27 March, 2010

Babka is a Family Affair

It's only fitting that I felt compelled to make Babka on the day of the bake sale at my parents' church. They would have sold Babka by the hundreds there. Not surprising since every single recipe I had seemed to make enough to feed an entire Ukrainian village. 10 eggs! 3 packages of yeast! 10 cups of flour! Oi vey.

So I did what any good Ukrainian would do. I called my mom. Unfortunately, she was at that bakesale, but my dad totally came through for me. He referred me to another cookbook in the family collection, where we found a recipe that could easily be adapted for a normal family size. And he said it looked a lot like the Babka that he was familiar with.

Did I mention that I've never made Babka before?

Traditionally served at Easter, and part of the required items in the Easter basket to be blessed at church, Babka is a sweet, eggy bread. Our family likes our studded with raisins or currants. A lot of descriptions  online call it something between a cake and a bread. Not so in my world. I always think of Babka as a sweet, rich bread, baked tall and best with creamy butter. Keep your cinnamon and chocolate and your Jerry Seinfeld, Babka is for spring, with a touch of citrus.

So the girls and I gathered our ingredients, put on our aprons, and set about to make a big giant mess. The good thing about making Babka is that it needs a lot of eggs, perfect for little hands. And what gorgeous little hands. I adore watching my girls' attack dough in their attempts to knead it. The Monster even has the push - turn - fold technique down now. And so long as we can keep Smilosaurus from snitching bits of raw dough we end up with a nice piece set to rise. And rise. And rise again. Be forewarned, from start to finish this is a full day affair.

This recipe starts out quite wet, what with all those eggs, milk, and a juiced orange. You will have to play with the flour, adding as much as necessary.  Just go slow, adding a few tablespoons at a time. Your dough is ready when it is smooth, aside from the raisins, no longer sticky, and relaxes a little, just a little, when you stop kneading.

Babka is traditionally made into a tall, round loaf. You do this by baking it in cleaned out cleaned tin cans. You could bake it in a loaf pan, but that doesn't seem quite as fun, or traditional. If, like me, you don't have a lot of cans in your house you can ask a neighbour. Failing that, make plans to make sauce later and use the cans from some tinned tomatoes. Just make sure they are washed well. Then buttered quite well. If you are worried about the bread releasing from the can, line it with a strip of parchment paper, and more butter. 

And when you are all done, make sure you call your parents to share your success. Then butter some slices for the next generation and enjoy with tea. Church blessings optional.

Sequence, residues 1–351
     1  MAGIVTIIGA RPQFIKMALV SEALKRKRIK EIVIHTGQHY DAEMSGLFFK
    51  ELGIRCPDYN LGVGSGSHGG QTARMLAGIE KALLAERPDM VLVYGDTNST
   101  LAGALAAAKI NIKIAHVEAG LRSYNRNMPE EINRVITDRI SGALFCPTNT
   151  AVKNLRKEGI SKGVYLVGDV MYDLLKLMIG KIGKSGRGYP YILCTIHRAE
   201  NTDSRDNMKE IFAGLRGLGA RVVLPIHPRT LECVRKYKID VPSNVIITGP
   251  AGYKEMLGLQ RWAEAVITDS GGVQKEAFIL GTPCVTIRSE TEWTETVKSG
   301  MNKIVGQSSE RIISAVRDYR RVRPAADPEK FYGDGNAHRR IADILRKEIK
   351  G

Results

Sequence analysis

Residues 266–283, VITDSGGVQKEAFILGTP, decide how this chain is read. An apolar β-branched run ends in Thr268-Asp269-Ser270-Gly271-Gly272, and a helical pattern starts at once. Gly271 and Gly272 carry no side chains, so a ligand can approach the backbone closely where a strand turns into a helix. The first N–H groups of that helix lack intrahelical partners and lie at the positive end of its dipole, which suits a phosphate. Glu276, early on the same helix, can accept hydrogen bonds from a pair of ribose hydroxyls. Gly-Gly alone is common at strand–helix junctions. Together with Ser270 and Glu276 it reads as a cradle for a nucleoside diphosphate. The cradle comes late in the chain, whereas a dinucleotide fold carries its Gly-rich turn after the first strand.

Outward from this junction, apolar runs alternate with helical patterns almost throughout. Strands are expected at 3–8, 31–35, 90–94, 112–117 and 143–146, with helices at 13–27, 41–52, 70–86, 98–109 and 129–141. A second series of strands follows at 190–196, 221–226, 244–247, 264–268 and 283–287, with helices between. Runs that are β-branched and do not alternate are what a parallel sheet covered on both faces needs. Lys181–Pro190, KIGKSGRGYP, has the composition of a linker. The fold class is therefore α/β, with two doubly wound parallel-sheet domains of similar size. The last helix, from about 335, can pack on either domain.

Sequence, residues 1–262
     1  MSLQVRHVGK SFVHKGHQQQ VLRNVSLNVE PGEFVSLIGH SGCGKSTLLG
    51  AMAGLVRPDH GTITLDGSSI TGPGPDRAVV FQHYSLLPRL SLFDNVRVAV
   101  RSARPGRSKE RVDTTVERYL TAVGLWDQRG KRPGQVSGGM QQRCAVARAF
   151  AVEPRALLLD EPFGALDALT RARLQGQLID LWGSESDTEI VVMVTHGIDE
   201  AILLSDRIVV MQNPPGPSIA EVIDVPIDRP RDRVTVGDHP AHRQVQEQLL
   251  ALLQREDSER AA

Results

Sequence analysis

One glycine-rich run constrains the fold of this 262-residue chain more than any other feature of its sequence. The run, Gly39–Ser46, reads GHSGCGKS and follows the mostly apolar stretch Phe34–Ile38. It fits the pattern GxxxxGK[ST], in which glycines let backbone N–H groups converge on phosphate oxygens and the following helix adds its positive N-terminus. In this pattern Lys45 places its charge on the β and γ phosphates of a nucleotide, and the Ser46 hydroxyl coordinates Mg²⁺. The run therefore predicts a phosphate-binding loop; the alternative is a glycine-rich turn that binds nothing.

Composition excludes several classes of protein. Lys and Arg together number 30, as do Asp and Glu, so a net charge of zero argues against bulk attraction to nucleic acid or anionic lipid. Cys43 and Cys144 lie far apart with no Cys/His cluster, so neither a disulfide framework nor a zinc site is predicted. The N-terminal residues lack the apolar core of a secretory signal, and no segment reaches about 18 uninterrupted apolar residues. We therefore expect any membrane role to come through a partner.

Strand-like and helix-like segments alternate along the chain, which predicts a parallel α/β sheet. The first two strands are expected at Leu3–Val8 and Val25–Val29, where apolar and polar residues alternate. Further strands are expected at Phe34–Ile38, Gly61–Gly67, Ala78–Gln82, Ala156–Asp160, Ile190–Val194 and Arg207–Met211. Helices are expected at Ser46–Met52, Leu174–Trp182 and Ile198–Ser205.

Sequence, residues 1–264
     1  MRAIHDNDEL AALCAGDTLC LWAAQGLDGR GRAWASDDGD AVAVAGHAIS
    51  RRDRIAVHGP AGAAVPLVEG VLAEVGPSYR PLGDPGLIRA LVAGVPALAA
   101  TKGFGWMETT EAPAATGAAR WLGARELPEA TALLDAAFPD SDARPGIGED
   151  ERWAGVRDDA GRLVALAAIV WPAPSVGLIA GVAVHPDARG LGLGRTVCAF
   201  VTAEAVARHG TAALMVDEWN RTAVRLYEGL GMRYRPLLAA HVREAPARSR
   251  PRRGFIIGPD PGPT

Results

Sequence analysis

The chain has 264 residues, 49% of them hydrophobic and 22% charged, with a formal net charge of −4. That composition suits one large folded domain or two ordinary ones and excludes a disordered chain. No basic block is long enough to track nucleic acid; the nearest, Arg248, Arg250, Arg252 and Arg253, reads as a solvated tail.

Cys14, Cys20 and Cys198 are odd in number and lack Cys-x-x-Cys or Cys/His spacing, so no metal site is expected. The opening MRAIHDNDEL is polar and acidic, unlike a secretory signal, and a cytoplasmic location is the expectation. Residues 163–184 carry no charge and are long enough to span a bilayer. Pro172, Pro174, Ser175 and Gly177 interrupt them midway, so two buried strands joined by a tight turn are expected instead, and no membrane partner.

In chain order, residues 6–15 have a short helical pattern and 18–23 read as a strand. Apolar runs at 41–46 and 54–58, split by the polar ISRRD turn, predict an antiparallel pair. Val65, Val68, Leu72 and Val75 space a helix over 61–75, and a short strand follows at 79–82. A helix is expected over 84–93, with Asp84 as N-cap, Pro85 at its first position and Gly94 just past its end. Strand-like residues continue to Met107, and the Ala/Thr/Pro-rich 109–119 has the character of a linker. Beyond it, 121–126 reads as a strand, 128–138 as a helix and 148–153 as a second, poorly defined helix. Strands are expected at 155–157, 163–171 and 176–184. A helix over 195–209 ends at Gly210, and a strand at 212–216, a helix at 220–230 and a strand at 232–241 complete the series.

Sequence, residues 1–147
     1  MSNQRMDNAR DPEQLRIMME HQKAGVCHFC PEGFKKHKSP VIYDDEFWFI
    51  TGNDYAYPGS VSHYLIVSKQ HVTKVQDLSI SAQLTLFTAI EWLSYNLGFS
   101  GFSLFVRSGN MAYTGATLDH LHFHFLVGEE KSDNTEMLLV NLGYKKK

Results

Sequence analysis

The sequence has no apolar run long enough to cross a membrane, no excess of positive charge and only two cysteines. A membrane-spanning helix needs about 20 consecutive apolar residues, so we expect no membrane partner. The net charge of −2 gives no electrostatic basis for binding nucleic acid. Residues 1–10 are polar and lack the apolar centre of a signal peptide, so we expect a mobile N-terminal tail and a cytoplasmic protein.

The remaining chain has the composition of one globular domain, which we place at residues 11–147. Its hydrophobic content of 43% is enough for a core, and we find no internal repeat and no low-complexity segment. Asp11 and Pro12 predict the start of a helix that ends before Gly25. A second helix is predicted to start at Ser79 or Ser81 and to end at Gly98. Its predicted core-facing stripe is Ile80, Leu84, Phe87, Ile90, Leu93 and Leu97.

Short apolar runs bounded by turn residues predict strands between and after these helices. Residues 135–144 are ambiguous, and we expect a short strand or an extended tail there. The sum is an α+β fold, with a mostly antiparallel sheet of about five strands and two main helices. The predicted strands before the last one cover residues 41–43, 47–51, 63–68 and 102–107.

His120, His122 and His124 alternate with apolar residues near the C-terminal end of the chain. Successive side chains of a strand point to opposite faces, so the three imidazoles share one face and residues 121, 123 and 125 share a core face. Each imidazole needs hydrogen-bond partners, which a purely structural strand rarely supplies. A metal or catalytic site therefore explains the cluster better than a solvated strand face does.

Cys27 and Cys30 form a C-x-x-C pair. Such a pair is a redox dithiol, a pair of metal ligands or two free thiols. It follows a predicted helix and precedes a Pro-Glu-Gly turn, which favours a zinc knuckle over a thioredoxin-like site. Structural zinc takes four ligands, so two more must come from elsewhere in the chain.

Ukrainian Babka
Makes 5 large tin size loaves, more or less depending on the size of container

1 tsp  plus 1/4 cup sugar
1/4 cup warm water
1 package Active Dry Yeast
3 whole eggs
5 egg yolks
1/2 cup melted butter
1 cup warm milk
1 tsp salt
1 orange, zested and juiced
1 tsp vanilla
4-5 cups flour
1 cup golden raisins or currants
1 egg, beaten

1. Dissolve 1 tsp sugar in warm water.  Add yeast and let stand 10 minutes.
2. Soak raisins in warm water. Drain well.
3. Beat eggs and yolks until light - 4 minutes with stand mixer, about 8 minutes by hand. Stir in remaining sugar and beat 30 seconds more. Add melted butter, milk, salt, orange juice and zest, and vanilla. Mix well.
4. Mix the wet ingredients to the 4 cups flour in a large bowl. Mix together well.  Add flour, if necessary, 1/4 cup at a time until you get a wet dough. 
5. Turn out onto a floured countertop and knead.  Add flour in small bits until the dough is smooth.  Knead for 4 minutes or so. In two batches knead the drained raisins into the dough. Knead until the dough is smooth and elastic. Place in a clean, buttered bowl, rub a bit more butter on the dough and set in a warm, draft-free spot to rise.
6. Let rise until double in size.  Punch down and let rise again.
7. Butter cleaned tins, dish, or pans. If preferred, line with a strip of parchment paper, then butter that as well. Form dough into balls that will fill container of choice to 1/3. Place in container and let rise again.
8. Preheat oven to 350 degrees F. Brush the tops of the babka with beaten egg.  Bake for 20-30 minutes, depending on the size of your container. It should be nicely browned and have a hollow sound when you tap it.

26 March, 2010

Only in My House?

Hubby has a disgusting habit. Okay, he has more than one. Opening beer bottles with his teeth, eating knobs of butter, just butter, and eating dried macaroni by the handful. And much to my chagrin, he's passed on those habits to our youngest child. Not the beer bottle one - yet.

Yes, when we bake she steals bits of butter and I've found her with her finger in the butter dish more than once. Are you cringing just a little at that? I am.

Lately, however, the macaroni habit has become an obsession. All our dry goods are stored in glass jars on open shelves above the stove.  She literally tries to climb up the stove, yelling, "Macaroni please!"